This Ain’t Eric Jerome Dickey: The Ink Spot Anthology of 100 Books You Must Read
by Stanley G. Robertson JD & Gavin R. Jackson, JD
From the Introduction
For five years the original panel of The Ink Spot have gathered around the table and debated books. During that time, the panel has engaged in in-depth conversations and has fielded hard-hitting questions from the moderator. Due to the varied backgrounds of the panelists, viewpoints often emerged which have led to crossfire dialogue, verbal sparring, good-natured gamesmanship, and occasionally loud crosstalk. The show always ends with Stanley G. Robertson asking for a thumbs up or thumbs down as to whether each panelist would recommend the book to other readers.
At the outset, an explanation of the title of this book seems to be in order. While it may appear to be a slam against Eric Jerome Dickey, the title is not suggestive of any sort of triviality of Mr. Dickey’s work or that of other fiction writers. The thought process in developing a title for this work centered around the concept of reading. When it comes to reading, many African Americans tend to lean toward works of fiction, and so, the search was on to find just the right anecdote or symbol to represent this notion. Eric Jerome Dickey, being one of the stalwarts of Black fiction, fit the bill perfectly and the title was born. Thus, the title is not a slam against Mr. Dickey; on the contrary, it pays homage to him.
It is no coincidence that the 100 books included in this anthology are works of nonfiction; it is because one of the primary goals of The Ink Spot is to educate and inform its audience. While the show seeks to deliver the debates in an entertaining format, the panel around the table might be considered in the public discourse as intellectuals. This is not to speak of the panel in superlatives, but on the contrary, to suggest that panelists who participate in The Ink Spot debates are persons who use intelligent thought and reason to critically analyze information that is contained in the books they read.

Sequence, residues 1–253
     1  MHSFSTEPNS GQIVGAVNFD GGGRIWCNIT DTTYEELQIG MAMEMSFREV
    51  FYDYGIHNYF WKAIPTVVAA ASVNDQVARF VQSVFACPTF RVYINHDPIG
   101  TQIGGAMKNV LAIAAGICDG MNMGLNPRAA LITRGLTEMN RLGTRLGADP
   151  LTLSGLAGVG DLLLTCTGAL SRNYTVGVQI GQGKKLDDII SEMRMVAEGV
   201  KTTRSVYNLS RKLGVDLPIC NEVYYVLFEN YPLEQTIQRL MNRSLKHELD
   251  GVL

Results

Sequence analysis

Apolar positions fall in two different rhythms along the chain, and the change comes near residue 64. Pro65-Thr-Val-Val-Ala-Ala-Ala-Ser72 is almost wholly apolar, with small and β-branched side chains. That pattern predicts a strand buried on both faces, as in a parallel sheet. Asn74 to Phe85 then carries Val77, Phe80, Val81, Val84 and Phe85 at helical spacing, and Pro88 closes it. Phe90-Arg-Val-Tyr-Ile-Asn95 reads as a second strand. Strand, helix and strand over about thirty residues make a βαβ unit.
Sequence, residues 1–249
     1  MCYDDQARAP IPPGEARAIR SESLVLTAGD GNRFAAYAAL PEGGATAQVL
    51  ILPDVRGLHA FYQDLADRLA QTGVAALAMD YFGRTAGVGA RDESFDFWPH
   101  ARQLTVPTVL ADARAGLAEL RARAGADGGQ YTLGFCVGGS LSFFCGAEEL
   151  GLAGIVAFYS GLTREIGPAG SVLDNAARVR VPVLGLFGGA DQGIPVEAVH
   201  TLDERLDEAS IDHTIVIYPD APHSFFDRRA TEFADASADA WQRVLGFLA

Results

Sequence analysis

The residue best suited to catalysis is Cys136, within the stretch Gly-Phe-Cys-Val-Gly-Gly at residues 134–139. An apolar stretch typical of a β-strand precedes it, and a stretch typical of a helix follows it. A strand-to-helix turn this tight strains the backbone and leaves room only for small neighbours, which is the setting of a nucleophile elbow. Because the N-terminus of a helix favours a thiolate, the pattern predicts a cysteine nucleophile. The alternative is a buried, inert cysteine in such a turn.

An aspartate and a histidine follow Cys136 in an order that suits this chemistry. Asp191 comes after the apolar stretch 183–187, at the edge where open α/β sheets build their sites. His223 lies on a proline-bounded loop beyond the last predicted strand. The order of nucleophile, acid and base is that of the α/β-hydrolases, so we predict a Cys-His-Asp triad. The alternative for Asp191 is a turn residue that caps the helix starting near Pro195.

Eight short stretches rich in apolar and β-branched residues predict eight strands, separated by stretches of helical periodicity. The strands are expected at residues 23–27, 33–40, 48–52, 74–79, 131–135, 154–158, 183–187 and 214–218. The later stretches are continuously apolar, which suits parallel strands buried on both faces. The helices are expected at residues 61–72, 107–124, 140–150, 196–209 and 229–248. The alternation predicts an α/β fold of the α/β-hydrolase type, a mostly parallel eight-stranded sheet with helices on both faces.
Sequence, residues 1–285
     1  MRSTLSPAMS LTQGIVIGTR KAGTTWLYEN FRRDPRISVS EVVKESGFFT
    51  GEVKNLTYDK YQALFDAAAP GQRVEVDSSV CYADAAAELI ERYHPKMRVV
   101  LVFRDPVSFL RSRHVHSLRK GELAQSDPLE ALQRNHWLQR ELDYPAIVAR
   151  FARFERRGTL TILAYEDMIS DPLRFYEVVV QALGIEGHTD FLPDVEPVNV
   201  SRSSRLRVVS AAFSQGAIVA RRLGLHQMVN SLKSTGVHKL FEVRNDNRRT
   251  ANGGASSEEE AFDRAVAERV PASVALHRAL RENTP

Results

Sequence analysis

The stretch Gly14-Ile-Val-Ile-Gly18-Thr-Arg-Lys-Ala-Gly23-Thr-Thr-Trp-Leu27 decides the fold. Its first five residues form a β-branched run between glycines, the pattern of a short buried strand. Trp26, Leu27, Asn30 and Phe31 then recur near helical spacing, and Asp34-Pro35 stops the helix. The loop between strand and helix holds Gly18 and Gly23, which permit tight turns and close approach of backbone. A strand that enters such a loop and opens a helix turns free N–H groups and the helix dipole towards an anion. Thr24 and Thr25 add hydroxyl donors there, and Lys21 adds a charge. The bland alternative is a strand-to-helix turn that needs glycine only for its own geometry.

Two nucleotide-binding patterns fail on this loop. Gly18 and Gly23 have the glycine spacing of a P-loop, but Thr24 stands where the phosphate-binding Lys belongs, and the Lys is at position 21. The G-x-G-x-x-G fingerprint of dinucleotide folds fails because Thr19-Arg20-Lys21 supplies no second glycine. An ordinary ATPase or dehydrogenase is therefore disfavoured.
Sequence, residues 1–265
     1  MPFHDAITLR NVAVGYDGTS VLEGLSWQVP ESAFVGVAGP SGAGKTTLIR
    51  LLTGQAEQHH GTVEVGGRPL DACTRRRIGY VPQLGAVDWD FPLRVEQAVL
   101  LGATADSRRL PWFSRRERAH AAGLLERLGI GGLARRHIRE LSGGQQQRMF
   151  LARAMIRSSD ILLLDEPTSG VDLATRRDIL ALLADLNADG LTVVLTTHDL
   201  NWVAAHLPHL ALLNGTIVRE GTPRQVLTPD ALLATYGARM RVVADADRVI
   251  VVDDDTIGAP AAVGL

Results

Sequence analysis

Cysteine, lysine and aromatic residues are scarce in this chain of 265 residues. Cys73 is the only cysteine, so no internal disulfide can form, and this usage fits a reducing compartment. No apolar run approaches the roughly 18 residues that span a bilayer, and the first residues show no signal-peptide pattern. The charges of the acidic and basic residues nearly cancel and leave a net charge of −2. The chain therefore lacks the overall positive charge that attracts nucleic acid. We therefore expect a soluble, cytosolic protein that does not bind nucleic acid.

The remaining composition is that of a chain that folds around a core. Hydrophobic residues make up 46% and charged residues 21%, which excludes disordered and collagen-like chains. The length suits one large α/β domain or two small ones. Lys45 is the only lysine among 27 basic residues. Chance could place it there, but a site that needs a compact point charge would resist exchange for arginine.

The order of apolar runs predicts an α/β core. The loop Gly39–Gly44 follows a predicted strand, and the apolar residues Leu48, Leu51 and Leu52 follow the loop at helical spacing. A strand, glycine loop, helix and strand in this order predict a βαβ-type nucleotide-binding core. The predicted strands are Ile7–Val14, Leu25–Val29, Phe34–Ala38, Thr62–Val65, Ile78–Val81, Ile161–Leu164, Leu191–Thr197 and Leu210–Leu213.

In early 2003, Stanley G. Robertson, Tony Hess, John M. Smith, and Will Dixon, formed a book club in order to intensify the verbal sparring that they enjoyed on a regular basis since childhood. The book club ran strong for some three years until it ran its course.
In 2005 the television show, The Ink Spot, was born from this group when Stanley G. Robertson became a producer at CAN-TV, a local cable access channel in Chicago, Illinois. Stan would be the host of the show, with Tony and John appearing often as panelists. Kim Martinez joined the cast the same year, followed by Gavin R. Jackson in 2006. Stan continued to produce and host the show with Tony, Kim and Gavin settling in as the regular Ink Spot panelists. Many other guests have appeared on the show as alternates, most notably Benita Jackson, Rodger Jackson, Jr., and Lewis W. Powell, III.
The Ink Spot reached a milestone in 2010 when Gavin became an Associate Producer on the show. Stan and Gavin have worked diligently to advance the show from its local audience at CAN-TV to a national network audience. The past five years have been a wild ride indeed! In This Ain’t Eric Jerome Dickey, Stan and Gavin, along with other members of the original Ink Spot cast, have selected and reviewed 100 of their favorite books covered on the show between the years 2005-2010. The books selected for inclusion range from the Black literary classics to current best sellers.
The scope of recommendations contained in This Ain’t Eric Jerome Dickey: The Ink Spot Anthology of 100 Books You Must Read are suitable for freshman and mature scholar alike. It serves as an extraordinary introduction to the intellectual and social history of many important works in Black literature.
The Ink Spot
The Ink Spot on AALBC.com Book Club
Stanley Robertson interviews Jermaine Jackson about the book You Are Not Alone: Michael, Through a Brother's Eyes
Ink Spot on Blip.TV
Ink Spot on CAN-TV
Ink Spot on WVON